Mother Hips

Magnolia's (Santa Rosa, CA)

Jun 29, 1994

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  1. 1 Been Lost Once (Incomplete) 03:09
  2. 2 Pet Foot 02:50
  3. 3 Tuning 00:49
  4. 4 Stoned Up The Road 03:48
  5. 5 Tuning 00:43
  6. 6 Instrumental 01:21
  7. 7 Two Young Queens 04:34
  8. 8 Unknown 06:42
  9. 9 Tuning 00:28
  10. 10 Transit Wind 05:42
  11. 11 Unknown 08:01
  12. 12 The Figure 11 08:19
  13. 13 A Man Stands In Handcuffs Under The Underpass 06:47
  14. 14 Chronicle Man 11:58
  15. 15 Tuning 00:42
  16. 16 Part Timer Goes Full 03:18
  17. 17 Tuning 00:33
  18. 18 Back To The Grotto 09:43
  19. 19 Hey Emilie 06:35
  20. 20 Hot Lunch 04:15
  21. 21 Mona Lisa And The Last Supper 03:52
  22. 22 Tuning 00:51
  23. 23 Tehatchapi Bloodline 06:17
  24. 24 Meet Me In The Morning 07:02
  25. 25 Up On Cripple Creek 05:10
  26. 26 Shut The Door 03:38
  27. 27 This Is A Man 04:18
More Mother Hips

Tim Bluhm-vocals, guitar
Greg Loiacono-guitar, vocals
Isaac Parsons-bass
Mike Wofchuck-drums

Before they became Bay Area nightclub staples and national hopefuls, The Mother Hips was packing them into the Northern California college bars in the early '90s. This 1994 show from Magnolia's in Santa Rosa is a steamy example of what Tim Bluhm and Co. could do in what you might call their early prime.

Call it a trip back in time and a dream set for the early Hips who'd only released one album, Back to the Grotto, and were well on their way to a second, Part Timer Goes Full. The Hendrixian "Stoned Up the Road," would show up on the latter and listening to it now, you could say the Mother Hips pre-dated the Black Keys' noveau blues and boogie sound by a decade. But there was more to The Mother Hips than grooves and howling catch phrases. "Mona Lisa and the Last Supper," from that same album is boogie-touched, complex pop and the raw slide groove and heavy drums of "Tehachepi Bloodline" conjures Jack and Meg White at times. "Two Young Queens" is a country stomper, a kind of Meat Puppets meets the Grateful Dead number, from 1993's effort, Back to the Grotto which also sported the really, really iconoclastic song "The Figure 11." Daring to take on the words of Black Elk (not a Native you'd want to mess with) it lands somewhere in the zone of Camper Van Beethoven at its most out-there. "Chronicle Man" is a great example of the Mother Hips habit of cutting and pasting a couple of songs together to form one over-the-top whole: Yowza. Showing some hair (and some roots) they tangle with "Up on Cripple Creek" by the Band and arguably lose, but the Hips have original jams to spare and covers don't really figure into their all-night sets.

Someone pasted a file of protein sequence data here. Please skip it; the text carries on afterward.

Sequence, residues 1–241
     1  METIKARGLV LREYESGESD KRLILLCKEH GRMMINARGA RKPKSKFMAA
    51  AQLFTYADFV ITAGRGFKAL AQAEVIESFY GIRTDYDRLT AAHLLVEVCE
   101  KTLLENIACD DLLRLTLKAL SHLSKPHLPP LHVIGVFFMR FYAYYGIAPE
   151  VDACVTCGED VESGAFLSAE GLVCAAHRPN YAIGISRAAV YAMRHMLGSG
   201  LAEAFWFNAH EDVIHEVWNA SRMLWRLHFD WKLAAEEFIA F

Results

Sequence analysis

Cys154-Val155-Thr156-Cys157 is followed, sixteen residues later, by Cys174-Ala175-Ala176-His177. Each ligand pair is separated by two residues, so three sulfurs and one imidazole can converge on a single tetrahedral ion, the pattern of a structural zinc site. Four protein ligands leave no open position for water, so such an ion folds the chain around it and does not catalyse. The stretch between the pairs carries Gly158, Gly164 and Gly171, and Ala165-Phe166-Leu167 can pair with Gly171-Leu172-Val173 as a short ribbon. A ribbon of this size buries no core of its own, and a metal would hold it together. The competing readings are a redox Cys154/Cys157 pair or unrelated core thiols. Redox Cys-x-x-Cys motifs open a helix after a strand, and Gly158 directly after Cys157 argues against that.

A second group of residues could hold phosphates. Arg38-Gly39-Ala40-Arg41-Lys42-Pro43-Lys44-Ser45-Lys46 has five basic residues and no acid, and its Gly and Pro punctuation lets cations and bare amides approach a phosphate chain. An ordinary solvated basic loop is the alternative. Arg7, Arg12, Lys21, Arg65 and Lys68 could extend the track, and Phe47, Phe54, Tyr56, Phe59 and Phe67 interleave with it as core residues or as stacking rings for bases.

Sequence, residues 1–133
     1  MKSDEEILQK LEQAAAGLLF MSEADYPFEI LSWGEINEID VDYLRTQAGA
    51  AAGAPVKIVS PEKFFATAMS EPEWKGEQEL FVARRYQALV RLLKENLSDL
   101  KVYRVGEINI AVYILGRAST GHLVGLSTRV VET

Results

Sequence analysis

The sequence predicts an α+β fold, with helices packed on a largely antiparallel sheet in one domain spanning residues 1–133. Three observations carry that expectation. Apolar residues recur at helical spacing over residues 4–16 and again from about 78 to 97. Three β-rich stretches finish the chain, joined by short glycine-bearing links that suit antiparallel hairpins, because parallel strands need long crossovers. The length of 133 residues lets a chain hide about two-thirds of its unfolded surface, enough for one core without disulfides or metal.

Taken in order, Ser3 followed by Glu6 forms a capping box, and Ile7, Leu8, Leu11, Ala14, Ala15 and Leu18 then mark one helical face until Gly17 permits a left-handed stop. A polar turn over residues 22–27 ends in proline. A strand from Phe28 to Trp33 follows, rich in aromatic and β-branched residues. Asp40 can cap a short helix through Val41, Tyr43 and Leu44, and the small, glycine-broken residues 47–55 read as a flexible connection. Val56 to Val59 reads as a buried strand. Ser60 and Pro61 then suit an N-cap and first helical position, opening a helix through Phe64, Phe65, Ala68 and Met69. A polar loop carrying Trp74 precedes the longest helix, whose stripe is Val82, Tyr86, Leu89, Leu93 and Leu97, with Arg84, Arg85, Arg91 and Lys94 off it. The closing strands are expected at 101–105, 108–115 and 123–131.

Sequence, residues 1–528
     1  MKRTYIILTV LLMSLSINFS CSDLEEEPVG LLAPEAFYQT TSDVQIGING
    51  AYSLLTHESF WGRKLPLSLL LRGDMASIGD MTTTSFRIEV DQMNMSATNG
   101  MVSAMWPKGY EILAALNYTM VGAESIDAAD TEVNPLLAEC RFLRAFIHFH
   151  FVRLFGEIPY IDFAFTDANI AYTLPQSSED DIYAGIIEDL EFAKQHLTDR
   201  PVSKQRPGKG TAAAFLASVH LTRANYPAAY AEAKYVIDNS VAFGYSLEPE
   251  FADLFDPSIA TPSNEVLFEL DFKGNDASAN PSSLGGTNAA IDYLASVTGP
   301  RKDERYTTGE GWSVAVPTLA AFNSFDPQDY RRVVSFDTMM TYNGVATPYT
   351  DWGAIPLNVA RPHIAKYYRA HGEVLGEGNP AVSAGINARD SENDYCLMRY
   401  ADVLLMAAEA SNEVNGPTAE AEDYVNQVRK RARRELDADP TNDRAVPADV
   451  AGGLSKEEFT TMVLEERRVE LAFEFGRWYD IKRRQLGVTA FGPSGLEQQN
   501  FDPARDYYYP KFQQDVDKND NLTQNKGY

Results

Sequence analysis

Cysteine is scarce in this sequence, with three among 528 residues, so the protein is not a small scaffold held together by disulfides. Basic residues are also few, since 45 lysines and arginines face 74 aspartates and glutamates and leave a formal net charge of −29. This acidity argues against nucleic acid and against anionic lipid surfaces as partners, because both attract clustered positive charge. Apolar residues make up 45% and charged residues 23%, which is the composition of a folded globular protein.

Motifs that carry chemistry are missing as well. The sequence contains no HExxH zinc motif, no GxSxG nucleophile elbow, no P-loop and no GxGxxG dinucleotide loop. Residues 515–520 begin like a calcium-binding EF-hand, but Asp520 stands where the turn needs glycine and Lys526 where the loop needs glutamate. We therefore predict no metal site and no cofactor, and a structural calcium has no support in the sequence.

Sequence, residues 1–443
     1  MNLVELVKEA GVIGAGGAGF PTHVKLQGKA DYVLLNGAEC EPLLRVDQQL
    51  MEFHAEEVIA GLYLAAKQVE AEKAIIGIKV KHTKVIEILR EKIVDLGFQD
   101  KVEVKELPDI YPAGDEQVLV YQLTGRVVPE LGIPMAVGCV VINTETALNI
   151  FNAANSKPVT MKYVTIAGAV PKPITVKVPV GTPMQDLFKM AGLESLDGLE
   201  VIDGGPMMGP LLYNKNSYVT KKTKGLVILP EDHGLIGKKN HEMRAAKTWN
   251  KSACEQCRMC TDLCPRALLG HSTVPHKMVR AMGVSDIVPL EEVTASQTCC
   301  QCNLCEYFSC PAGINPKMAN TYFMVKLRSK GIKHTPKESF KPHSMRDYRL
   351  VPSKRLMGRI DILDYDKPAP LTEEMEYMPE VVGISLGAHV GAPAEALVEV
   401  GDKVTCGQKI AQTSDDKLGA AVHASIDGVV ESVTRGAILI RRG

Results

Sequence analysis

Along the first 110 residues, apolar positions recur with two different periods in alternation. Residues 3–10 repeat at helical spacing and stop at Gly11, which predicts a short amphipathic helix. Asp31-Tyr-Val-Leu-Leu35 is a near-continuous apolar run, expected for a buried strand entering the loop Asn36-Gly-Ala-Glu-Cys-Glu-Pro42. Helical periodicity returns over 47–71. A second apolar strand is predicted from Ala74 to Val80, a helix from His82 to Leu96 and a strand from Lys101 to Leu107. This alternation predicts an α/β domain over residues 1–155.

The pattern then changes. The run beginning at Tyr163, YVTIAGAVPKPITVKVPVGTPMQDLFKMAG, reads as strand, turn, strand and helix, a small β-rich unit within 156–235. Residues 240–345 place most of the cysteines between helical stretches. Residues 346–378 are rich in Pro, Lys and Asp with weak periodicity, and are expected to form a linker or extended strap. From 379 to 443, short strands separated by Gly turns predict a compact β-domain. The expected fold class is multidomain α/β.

This is precisely the kind of live show for which the band became known, ruling the Norcal clubs around their state university in Chico. But the Mother Hips had also caught the attention of the music biz: Rick Rubin signed them and they were mentored by Chris Robinson of the Black Crowes. However, ill timing and fate found the Mother Hips failing to connect. Sadly, they were lost in the crowd.

Perhaps the time is right for rediscovery as there is something oddly, weirdly, compelling and excellent about Mother Hips right now, which of course their staunchest fans would be quick to tell you. For the uninitiated, check it out: this just might be the best thing to come from Chico since its notorious various recipes and ways to use Velveeta, but more importantly, Mother Hips are one of the '90s' best kept secrets. So drink up the amazing and interstellar overdriven live beast that was the Mother Hips--we rarely boast but we have a feeling you'll thank us for the tip.